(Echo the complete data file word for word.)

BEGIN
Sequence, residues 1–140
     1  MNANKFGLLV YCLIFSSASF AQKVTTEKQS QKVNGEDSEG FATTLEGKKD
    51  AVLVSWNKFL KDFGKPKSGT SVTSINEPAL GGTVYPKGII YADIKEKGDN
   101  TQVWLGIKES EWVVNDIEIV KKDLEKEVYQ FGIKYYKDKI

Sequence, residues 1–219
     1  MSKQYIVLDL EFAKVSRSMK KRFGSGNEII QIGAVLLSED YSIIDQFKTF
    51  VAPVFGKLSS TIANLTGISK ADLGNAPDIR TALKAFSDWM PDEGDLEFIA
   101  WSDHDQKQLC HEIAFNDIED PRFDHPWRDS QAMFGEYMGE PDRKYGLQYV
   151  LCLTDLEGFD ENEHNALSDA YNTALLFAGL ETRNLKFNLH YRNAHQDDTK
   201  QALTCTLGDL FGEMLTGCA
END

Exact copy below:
Sequence, residues 1–140
     1  MNANKFGLLV YCLIFSSASF AQKVTTEKQS QKVNGEDSEG FATTLEGKKD
    51  AVLVSWNKFL KDFGKPKSGT SVTSINEPAL GGTVYPKGII YADIKEKGDN
   101  TQVWLGIKES EWVVNDIEIV KKDLEKEVYQ FGIKYYKDKI

Sequence, residues 1–219
     1  MSKQYIVLDL EFAKVSRSMK KRFGSGNEII QIGAVLLSED YSIIDQFKTF
    51  VAPVFGKLSS TIANLTGISK ADLGNAPDIR TALKAFSDWM PDEGDLEFIA
   101  WSDHDQKQLC HEIAFNDIED PRFDHPWRDS QAMFGEYMGE PDRKYGLQYV
   151  LCLTDLEGFD ENEHNALSDA YNTALLFAGL ETRNLKFNLH YRNAHQDDTK
   201  QALTCTLGDL FGEMLTGCA